Influenza Season

Wednesday September 14, 2011

What is it?

Influenza (the flu) is a highly contagious respiratory illness caused by influenza A and B viruses. Influenza illness generally causes mild illness such as fever, headache, sore throat and fatigue that typically resolves within a week. But some individuals can develop serious complications including pneumonia, sinusitis, ear infections, worsening of asthma and cardiac disease, and in rare cases death. In the United States, influenza kills an estimated 36,000 people every year, and results in more than 220,000 hospitalizations annually.

Why is this important to the Army?

Protecting the health of our Soldiers, beneficiaries and healthcare workers from this highly contagious disease is our main priority. Absenteeism due to illness or hospitalization could greatly impact military readiness and cause an economic impact to our families. Annual influenza vaccination is the most effective method for preventing influenza virus infections and its complications. Healthy people and health care personnel infected with influenza, including those without symptoms, can transmit the virus to those at high risk from complications of influenza. Vaccination of our Soldiers and healthcare workers protects not only themselves but those around them.

What is the Army doing?

Annual vaccination against influenza is mandatory for uniformed personnel and healthcare workers with direct patient contact. The inactivated or live vaccine is available and being administered at military medical treatment facilities (MTFs) and TRICARE retail network pharmacies. It is highly recommended that family members six months and older, pregnant women, those with high-risk medical conditions, all retirees and civilians age 65 and older be vaccinated. It is important to be vaccinated as soon as possible to ensure fullest immunity by the peak of the influenza season.

What should I do?
In addition to vaccination, people can prevent spread of the flu by:
- Covering their nose and mouth with a tissue when coughing or sneezing, then throwing the tissue in the trash.
- Washing hands often with soap and water, especially after coughing or sneezing. Alcohol-based hand cleaners also are effective.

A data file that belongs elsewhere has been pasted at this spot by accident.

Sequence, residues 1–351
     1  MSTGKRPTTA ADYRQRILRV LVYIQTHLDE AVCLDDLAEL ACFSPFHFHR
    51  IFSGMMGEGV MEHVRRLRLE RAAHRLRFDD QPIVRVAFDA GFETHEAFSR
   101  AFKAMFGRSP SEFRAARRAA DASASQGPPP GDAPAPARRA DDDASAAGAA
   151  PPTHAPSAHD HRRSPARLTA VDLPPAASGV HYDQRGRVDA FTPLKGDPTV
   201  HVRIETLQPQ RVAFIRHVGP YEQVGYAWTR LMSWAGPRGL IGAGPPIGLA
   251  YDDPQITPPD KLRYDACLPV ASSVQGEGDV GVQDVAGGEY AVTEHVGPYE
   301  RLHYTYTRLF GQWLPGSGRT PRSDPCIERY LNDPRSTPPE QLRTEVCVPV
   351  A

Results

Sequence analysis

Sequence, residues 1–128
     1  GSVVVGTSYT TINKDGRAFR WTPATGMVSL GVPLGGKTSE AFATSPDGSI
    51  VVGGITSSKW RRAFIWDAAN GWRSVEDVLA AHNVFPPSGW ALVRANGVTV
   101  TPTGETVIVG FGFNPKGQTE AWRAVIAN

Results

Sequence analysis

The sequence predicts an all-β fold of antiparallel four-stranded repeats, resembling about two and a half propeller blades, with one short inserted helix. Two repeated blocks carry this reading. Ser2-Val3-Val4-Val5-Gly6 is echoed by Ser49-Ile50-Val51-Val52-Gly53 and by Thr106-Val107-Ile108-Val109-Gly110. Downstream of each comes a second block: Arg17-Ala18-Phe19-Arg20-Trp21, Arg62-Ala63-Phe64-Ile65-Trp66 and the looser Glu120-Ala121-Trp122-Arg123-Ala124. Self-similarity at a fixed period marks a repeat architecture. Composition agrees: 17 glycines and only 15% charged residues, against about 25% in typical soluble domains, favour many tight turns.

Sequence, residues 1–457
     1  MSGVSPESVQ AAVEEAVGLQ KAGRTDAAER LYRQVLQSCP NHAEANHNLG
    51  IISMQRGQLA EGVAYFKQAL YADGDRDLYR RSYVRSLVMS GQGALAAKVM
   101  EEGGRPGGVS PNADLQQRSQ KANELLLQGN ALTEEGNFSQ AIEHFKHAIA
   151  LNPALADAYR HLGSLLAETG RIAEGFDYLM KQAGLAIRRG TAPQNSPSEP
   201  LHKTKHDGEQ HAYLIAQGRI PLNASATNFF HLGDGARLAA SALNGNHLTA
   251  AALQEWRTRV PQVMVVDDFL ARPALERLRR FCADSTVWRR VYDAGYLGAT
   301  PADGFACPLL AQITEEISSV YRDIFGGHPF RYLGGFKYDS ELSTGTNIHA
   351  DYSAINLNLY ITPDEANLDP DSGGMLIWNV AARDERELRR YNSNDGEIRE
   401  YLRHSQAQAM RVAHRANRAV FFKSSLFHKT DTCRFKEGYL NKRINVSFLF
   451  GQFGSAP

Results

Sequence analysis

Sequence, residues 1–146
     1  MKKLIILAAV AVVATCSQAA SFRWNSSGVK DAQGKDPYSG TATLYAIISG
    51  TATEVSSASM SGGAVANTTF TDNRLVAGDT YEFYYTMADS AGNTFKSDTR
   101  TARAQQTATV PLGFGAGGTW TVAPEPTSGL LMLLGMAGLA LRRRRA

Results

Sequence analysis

- Avoiding touching their eyes, nose or mouth. Germs spread this way.
- Avoiding close contact with sick people.
- Staying home if they become sick, until 24 hours after the fever is gone. This will avoid infecting others.

Resources:

MILVAX website

Centers for Disease Control and Prevention

Army Medicine

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Senior Leaders are Saying

"Our nation and Army are in a sea of continual change. This is nothing new to us and will not slow us down, nor will it detract from our mission focus in the future …The challenges we face will be tremendous, but we will not falter."

- Gen. David M. Rodriguez, while taking command of U.S. Army Forces Command(FORSCOM), lauded the Soldiers and family members of FORSCOM for their sacrifices and professionalism.

Rodriguez lauded the Soldiers and family members of FORSCOM for their sacrifices and professionalism.

What They're Saying

"Restoring sight to the blind is a very powerful humanitarian action. I am sure this mission has left a very favorable impression of the United States. I like to think of this as medical diplomacy."

- Lt. Col. Chad Nelson, U.S. Army South medical operations and plans, speaks with a sense of fulfillment about the U.S. Army South-led medical readiness training exercise's (MEDRETE) mission, focused on restoring sight to people in El Salvador.

- U.S. Army South mission brings light to seeing-impaired

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